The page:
The European Union has introduced many consumer protection laws. As the U.K. prepares to leave the Union it is timely to reflect on the impact of Europe on U.K. consumer law. Unfair terms is taken as a case study as it involved the U.K. adopting a good faith standard which has traditionally been seen as alien to common law traditions. There is also a divergent impression given as the Court of Justice of the European Union has appeared open to using the rules to protect consumers, whereas the House of Lords/Supreme Court has found against consumers in three cases where the unfairness test was raised. However, it is argued that the U.K. has been able to handle the European test and there is nothing intrinsic in the common law approach that runs counter to the European unfair terms regime. All regimes struggle with finding the right balance of consumer protection. However, criticism can be made of the unwillingness to refer key issues to Luxembourg under the preliminary reference procedure. The freedom of the U.K. to deviate from European law will turn on any Brexit deal, but it is unlikely there will be much demand for change in this area of law.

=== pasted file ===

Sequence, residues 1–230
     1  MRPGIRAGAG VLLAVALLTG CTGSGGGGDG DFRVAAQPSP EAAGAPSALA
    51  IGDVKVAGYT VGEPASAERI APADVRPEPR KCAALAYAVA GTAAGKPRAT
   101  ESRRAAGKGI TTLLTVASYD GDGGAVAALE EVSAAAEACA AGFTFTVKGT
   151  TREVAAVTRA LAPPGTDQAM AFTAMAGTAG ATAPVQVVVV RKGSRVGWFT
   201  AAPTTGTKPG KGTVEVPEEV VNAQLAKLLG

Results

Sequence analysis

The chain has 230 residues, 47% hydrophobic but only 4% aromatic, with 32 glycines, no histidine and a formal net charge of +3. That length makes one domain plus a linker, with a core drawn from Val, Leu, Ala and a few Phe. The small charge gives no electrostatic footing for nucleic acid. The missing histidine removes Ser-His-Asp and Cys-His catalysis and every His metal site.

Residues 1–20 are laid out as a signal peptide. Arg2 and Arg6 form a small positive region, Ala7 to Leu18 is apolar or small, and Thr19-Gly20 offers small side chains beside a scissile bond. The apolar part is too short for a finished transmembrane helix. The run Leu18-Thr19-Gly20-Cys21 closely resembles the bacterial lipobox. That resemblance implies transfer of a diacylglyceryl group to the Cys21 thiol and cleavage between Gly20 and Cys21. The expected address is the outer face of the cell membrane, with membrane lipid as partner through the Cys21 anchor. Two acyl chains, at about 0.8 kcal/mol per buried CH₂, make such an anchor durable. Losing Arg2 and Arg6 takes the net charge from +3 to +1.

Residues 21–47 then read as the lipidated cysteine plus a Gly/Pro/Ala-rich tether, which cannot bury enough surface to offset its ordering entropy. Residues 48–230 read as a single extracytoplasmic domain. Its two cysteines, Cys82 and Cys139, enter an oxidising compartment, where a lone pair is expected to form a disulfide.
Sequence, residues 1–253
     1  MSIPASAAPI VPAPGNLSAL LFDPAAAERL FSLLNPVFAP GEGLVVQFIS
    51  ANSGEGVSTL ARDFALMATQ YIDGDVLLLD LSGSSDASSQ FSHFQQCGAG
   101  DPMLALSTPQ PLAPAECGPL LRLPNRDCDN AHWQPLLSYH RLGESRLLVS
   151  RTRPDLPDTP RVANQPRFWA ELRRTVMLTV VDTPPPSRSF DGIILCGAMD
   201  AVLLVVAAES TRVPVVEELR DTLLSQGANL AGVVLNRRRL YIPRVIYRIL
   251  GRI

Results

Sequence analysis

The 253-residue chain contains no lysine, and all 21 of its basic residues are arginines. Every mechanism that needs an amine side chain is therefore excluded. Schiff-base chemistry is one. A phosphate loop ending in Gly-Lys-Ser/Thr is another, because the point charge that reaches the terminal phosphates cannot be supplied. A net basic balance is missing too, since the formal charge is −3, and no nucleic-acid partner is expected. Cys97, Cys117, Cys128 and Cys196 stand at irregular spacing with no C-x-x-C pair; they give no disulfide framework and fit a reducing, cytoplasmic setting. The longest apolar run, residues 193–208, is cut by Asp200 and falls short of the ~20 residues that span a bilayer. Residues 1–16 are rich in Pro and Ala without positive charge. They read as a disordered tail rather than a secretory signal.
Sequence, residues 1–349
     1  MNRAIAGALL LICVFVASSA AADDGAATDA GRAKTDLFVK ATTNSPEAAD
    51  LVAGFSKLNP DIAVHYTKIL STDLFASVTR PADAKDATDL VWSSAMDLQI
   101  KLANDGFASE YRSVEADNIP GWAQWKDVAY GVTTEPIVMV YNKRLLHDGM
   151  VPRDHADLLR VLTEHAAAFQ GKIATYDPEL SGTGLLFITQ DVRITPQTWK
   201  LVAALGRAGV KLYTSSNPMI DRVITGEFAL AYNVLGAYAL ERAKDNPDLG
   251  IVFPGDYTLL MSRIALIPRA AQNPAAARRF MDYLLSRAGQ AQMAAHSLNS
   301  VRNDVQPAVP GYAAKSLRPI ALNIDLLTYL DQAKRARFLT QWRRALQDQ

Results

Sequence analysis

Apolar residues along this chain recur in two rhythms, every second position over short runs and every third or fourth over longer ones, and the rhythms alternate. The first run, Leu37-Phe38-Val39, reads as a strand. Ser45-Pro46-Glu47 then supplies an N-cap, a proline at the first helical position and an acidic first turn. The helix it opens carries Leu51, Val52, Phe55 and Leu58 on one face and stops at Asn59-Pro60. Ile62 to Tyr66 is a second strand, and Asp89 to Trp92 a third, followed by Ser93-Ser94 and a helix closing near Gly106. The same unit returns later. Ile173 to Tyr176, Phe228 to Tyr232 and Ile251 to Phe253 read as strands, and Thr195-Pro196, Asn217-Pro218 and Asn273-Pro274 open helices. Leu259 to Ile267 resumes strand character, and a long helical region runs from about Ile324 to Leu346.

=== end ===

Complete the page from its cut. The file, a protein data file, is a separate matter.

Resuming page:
|Number of pages||49|
|Journal||George Washington Law Review|
|Publication status||Published - 12 Mar 2018|
- BANK CHARGES